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A Personal Journey, An Individual Choice

Personal Journey

Christine Sharif, Luton

A two day Converts Social & Spiritual Outing took place at Manchester (Mosque) and the Lake District after which a convert to Islam wrote her story.

It is hard to fully express the incredible experience of being together with other people from such diverse backgrounds, so many different national and ethnic origins together at one time, yet sharing the same beliefs and incredible journeys of conversion. Russia, Kazakhstan, Syria, Jordan, Pakistan, Africa, Kurd, England, Indonesia, Scotland; the sheer diversity yet unity felt emotionally overwhelming and words simply cannot convey such an experience. Where else would you find such profound differences yet unity?

This unique phenomenon occurred in a recent social and spiritual outing organised by The Ahmadiyya Muslim Community for its converts. A two day event that involved a retreat at the Darul Aman Mosque in Manchester, followed by a trip to the beautiful Lake District, my birth place. The more energetic chose to take advantage of the landscape and views and went off on a lengthy hike. I chose the more sedate option of a leisurely boat trip on Ullswater Lake to Howstown for tea and scones. On our return we had a picnic which was followed by Asr Prayer. This was one of my favourite parts, Praying together in congregation beside the lake in the most glorious surroundings and weather to match. The fact that it was forecast rain and inevitably always rains in the Lake District, the weather itself was a miracle!

We were looked after incredibly well with all our needs fully catered for and with just short of 100 attendees, not an easy task for our hosts who were always cheerful and eager to please. We listened to some wonderful speeches on becoming spiritual human beings and how to meet Allah Almighty in this life, as well as some incredible journeys into Ahmadiyyat. It struck me how each story demonstrated a unique personal relationship with God which encompassed everyone’s individual capacity, needs and means towards accepting the truth. Some had dreams, others spiritual experiences, some were inspired by other Ahmadis they had encountered, as well as quests to find answers to unsatisfied questions and reflections. Whichever route our destination was the same.

Although I have returned home to my birth place countless times it was something different to be there with my Community and reflect on my own journey. Raised in Britain as a ‘typical’ English girl my knowledge of religion was meagre and superficial at best. Science was the ‘intellectually superior’ knowledge and one I held dearly, whilst belief in a Higher Being and all that came with it were supernatural fairy tales to me. Winged beings, turning water to wine and other miraculous stories seemed ridiculous to me and at odds with logic, evidence and common-sense. Christmas, Easter and other such occasions were just part of my culture and had no real meaning for me other than holidays, socialising, food, gifts and good times. I felt pity for followers of religion, who I felt were brainwashed by their respective propaganda, blinded by faith and ignorant to intellectual and rational thinking – if only they would wake up, be free of their out-dated mind-sets and join the modern world, after all I knew best – I had science!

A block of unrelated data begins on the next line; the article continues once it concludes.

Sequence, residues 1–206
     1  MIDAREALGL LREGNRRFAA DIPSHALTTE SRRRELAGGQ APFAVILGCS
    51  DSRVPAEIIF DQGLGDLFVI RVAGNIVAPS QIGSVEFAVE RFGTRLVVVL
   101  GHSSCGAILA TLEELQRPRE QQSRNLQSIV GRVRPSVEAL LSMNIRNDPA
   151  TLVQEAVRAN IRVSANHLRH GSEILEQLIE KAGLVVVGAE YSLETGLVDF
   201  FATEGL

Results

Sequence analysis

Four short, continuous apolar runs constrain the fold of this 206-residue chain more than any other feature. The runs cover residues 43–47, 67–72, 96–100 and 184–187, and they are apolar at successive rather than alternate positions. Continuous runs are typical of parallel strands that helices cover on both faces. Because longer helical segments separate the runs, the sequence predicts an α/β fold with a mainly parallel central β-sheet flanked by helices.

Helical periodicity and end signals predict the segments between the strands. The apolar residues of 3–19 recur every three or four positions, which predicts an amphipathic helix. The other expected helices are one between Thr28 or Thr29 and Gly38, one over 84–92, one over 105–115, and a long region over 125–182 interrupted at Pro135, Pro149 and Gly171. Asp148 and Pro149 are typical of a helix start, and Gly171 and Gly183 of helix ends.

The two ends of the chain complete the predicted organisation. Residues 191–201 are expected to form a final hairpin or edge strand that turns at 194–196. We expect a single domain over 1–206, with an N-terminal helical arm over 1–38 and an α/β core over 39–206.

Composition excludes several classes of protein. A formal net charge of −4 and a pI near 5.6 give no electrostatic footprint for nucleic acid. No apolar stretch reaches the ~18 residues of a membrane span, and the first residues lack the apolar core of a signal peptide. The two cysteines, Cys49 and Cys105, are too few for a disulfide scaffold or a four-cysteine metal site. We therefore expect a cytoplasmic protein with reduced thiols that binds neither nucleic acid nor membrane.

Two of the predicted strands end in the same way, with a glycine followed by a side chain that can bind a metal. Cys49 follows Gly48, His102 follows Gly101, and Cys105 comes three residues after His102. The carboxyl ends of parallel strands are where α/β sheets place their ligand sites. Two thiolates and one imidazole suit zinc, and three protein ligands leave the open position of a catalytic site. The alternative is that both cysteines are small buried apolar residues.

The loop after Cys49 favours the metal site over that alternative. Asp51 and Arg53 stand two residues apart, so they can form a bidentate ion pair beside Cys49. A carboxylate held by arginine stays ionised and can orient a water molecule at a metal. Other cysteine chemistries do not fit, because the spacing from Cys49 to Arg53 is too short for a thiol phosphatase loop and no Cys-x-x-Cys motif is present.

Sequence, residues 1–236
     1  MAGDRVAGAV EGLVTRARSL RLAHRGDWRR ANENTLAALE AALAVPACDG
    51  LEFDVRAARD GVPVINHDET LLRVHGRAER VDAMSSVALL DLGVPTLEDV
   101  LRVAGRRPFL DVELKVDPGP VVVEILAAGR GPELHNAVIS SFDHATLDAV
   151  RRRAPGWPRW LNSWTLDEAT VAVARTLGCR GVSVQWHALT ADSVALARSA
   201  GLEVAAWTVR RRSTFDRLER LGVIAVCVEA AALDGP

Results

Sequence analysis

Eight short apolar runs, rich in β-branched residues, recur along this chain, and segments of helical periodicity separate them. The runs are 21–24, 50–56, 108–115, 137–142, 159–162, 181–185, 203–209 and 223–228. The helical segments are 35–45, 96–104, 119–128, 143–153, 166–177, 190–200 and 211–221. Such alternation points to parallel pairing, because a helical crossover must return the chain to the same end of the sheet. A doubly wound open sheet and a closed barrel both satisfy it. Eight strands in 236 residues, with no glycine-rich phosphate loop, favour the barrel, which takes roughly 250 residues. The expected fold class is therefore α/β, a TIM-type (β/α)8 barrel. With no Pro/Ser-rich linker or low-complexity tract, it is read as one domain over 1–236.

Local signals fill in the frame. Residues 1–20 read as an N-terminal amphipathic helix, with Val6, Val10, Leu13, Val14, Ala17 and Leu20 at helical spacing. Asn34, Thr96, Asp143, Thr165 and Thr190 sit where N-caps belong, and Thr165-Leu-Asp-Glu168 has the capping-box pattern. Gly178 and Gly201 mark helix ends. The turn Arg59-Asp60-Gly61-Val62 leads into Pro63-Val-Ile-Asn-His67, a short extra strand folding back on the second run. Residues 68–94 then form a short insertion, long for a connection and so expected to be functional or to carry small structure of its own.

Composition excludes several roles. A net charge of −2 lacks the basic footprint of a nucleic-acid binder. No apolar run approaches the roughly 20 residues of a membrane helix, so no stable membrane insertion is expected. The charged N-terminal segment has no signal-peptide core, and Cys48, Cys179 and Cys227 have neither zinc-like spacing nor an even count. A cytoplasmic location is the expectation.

It transpired I was the ignorant and brainwashed one, blindly accepting the ‘ideal’ of what Western society preached, a pilgrim of the atheist revolution comfortable in blissful arrogance and familiarity. It wasn’t until some life circumstances provoked an interest to know more about religion; the more I studied, the more I realised how little I knew and the more I wanted to learn. I eventually came across a book that shook my beliefs to the core – Revelation, Rationality, Truth and Knowledge. It united science and religion in a way I had never come across before and I instantly turned from agnostic to a believer in God. That was the start of my journey into a newly defined concept of religion to me.

Almost every one of my original concepts around religion were mistaken – I relearned the concept of angels, what miracles truly are and actually what an immense and intellectually challenging subject religion actually is. Overwhelmed with information I studied my field of expertise across different religions, and respective sects and the subject of women. Islam according to the Ahmadiyya way not only led me to believing in God, but its teachings are the only ones I have found that answer every question in depth, with plausibility and satisfaction. I don’t always get the answers I’m looking for quickly and sometimes I’m not satisfied with an answer so I keep searching. Other times life experience helps me to understand an aspect which I have previously felt dissatisfied with through reading or listening to an answer and it clicks, ‘I get it!.’

Islam is not an oppressive teaching which subdues and abuses women; in fact it protects women, it celebrates our strengths and gives us rights far more beneficial than those socially constructed by Western society. There is no compulsion or force in true Islamic teachings, it is a personal journey, an individual choice; I was fooled by misconceptions and ignorance.

I am still a patriotic British woman, proud of my English heritage and strong feminist conviction. I am still outspoken, compassionate about animals and have a good sense of humour. I just have a different view on life, its origins and death and choose to follow a new set of moral codes that have led me to become part of a wonderful new diverse and integrative community whose values strive for individual as well as world peace.

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